BVI Recognition And Assistance For Foreign Insolvency Office Holders

On 10 November 2014 the Privy Council handed down judgment in Singularis Holdings Limited v PricewaterhouseCoopers1, which was heard alongside PricewaterhouseCoopers v Saad Investments Company Limited2. Both appeals were from decisions of the Court of Appeal of Bermuda. The Singularis decision may affect the ability of foreign office holders to gain assistance from the BVI Courts, in particular with regard to obtaining orders compelling the production of documents and information.


Singularis was heard alongside Saadbecause both cases concerned companies that were being wound up in the Cayman Islands. Their liquidators were seeking orders against PwC in Bermuda for the provision of information and documentation relating to the Cayman companies that the auditors had in their possession, especially their working papers. The Singularis application came about after the Bermudan judge at first instance found that the liquidators' appointment under Cayman law should confer recognition in Bermuda under a common law power that enabled him to confer on the liquidators the same powers as they would have had if they had been appointed in Bermuda. This was overturned by the Court of Appeal because the Bermudan Court's power to order the production of documents by the auditors did not have any equivalent in Cayman, and granting the liquidators powers that went beyond what the Cayman Court could grant was not permissible as it would amount to "unjustifiable forum shopping" by the liquidators. The liquidators appealed to the Privy Council.

The Privy Council Board were unanimous in finding that the Bermuda Court should not have granted a form of relief to the liquidators that was not available in Cayman, and accordingly the Privy Council dismissed the appeal. However in their reasoning, the Board discussed at length whether the Bermuda Court had a common law power to assist a foreign liquidation by ordering the production of information. By a majority of three to two, the Board held that such a common law power did exist.

The Board all agreed that the "principle of modified universalism is part of the common law". Lord Sumption (with whom Lord Clarke agreed) summarised the principle as being "founded on the public interest in the ability of foreign courts exercising insolvency jurisdiction in the place of the company's incorporation to conduct an orderly winding up of its affairs on a world-wide basis...the basis of that public interest is not only comity, but a recognition that in a world of global businesses, it is in the interest of every country that companies with transnational assets and operations should be capable of being wound up in an orderly fashion...".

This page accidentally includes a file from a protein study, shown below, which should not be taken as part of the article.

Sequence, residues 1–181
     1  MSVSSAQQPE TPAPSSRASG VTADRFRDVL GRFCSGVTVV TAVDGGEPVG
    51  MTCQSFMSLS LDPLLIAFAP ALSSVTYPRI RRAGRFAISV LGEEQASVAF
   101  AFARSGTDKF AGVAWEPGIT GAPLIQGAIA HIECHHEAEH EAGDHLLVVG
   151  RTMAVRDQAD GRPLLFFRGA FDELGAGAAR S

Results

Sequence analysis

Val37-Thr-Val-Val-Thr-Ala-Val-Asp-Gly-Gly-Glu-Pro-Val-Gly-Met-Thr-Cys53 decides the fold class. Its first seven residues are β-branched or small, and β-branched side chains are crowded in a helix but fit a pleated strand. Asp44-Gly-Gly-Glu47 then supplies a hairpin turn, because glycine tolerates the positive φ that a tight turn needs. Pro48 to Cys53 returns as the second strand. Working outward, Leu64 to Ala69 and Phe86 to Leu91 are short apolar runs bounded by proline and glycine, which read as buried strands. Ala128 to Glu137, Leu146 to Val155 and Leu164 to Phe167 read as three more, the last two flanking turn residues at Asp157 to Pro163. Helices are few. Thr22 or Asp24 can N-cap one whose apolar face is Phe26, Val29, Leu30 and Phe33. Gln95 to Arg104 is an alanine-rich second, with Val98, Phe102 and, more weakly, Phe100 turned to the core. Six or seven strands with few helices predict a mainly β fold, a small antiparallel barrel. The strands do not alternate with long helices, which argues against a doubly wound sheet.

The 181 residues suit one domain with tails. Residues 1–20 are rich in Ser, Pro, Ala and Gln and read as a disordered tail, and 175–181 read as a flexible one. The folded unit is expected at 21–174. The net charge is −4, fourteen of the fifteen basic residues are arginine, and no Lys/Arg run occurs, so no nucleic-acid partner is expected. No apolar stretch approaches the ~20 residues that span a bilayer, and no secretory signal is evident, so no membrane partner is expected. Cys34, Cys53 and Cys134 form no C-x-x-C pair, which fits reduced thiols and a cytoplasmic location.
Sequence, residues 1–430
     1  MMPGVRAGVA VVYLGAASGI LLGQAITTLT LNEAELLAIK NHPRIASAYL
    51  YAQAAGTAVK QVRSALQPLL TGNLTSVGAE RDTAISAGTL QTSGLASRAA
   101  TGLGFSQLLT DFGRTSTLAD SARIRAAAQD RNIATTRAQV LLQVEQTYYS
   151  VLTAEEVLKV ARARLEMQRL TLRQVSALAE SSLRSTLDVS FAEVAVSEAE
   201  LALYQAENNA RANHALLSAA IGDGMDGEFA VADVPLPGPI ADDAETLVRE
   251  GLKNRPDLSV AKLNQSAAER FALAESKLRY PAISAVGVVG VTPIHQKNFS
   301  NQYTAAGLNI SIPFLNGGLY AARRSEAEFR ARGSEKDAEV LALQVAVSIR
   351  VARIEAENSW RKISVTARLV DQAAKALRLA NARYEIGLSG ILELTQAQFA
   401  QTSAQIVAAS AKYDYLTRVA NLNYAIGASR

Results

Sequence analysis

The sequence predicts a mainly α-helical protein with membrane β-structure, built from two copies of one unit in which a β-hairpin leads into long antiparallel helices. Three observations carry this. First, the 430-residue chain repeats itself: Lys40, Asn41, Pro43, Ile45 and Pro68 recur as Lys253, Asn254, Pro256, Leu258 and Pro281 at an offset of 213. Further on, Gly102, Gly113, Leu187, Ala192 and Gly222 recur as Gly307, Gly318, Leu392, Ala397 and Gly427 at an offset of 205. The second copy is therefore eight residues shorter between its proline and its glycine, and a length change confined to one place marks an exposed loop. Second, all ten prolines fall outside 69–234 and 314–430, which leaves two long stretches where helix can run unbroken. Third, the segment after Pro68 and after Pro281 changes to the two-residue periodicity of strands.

The majority of the Board held that there is a common law power to assist foreign insolvency practitioners by ordering the production of information (in oral or documentary form) by an entity within the personal jurisdiction of the Bermuda Court. As Lord Sumption put it, the "acknowledged right [of foreign office holders] to take possession of the company's world-wide assets is of little use without the ability to identify and locate them, if necessary with the assistance of the court". The Board did, however, set out limitations for the exercise of that power, namely:

It is only available to assist the officers of a foreign court of insolvency jurisdiction or equivalent public officers - it would therefore not be applicable to a private arrangement such as a voluntary winding up; It is a power of assistance that exists to enable courts to overcome the territorial limits of their own powers when a company's affairs are being wound up world-wide. An order for production of information should not be made where it would not be available in the foreign court; It is only available when necessary for the insolvency practitioner to perform their functions; The order must be consistent with the substantive law and public policy of the assisting court. In particular, the common law power is not to be used for obtaining material for use...

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